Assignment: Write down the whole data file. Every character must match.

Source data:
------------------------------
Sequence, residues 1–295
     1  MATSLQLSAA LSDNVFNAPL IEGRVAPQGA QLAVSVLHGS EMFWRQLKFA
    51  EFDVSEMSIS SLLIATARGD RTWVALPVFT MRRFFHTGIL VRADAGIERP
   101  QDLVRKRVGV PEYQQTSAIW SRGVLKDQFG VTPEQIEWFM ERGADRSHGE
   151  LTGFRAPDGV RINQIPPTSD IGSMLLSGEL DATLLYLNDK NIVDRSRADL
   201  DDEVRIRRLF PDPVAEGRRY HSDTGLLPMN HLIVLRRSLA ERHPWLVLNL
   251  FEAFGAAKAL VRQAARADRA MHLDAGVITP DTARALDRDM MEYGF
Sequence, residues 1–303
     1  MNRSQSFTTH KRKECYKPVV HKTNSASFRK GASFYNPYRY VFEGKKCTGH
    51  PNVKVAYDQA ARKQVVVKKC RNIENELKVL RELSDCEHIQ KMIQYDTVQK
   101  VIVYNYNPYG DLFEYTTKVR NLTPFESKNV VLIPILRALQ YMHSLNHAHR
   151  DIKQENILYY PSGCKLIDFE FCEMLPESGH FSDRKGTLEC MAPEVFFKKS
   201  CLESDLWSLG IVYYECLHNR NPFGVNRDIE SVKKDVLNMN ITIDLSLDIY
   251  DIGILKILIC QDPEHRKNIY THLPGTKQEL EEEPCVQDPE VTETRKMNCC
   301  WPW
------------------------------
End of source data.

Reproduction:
Sequence, residues 1–295
     1  MATSLQLSAA LSDNVFNAPL IEGRVAPQGA QLAVSVLHGS EMFWRQLKFA
    51  EFDVSEMSIS SLLIATARGD RTWVALPVFT MRRFFHTGIL VRADAGIERP
   101  QDLVRKRVGV PEYQQTSAIW SRGVLKDQFG VTPEQIEWFM ERGADRSHGE
   151  LTGFRAPDGV RINQIPPTSD IGSMLLSGEL DATLLYLNDK NIVDRSRADL
   201  DDEVRIRRLF PDPVAEGRRY HSDTGLLPMN HLIVLRRSLA ERHPWLVLNL
   251  FEAFGAAKAL VRQAARADRA MHLDAGVITP DTARALDRDM MEYGF
Sequence, residues 1–303
     1  MNRSQSFTTH KRKECYKPVV HKTNSASFRK GASFYNPYRY VFEGKKCTGH
    51  PNVKVAYDQA ARKQVVVKKC RNIENELKVL RELSDCEHIQ KMIQYDTVQK
   101  VIVYNYNPYG DLFEYTTKVR NLTPFESKNV VLIPILRALQ YMHSLNHAHR
   151  DIKQENILYY PSGCKLIDFE FCEMLPESGH FSDRKGTLEC MAPEVFFKKS
   201  CLESDLWSLG IVYYECLHNR NPFGVNRDIE SVKKDVLNMN ITIDLSLDIY
   251  DIGILKILIC QDPEHRKNIY THLPGTKQEL EEEPCVQDPE VTETRKMNCC
   301  WPW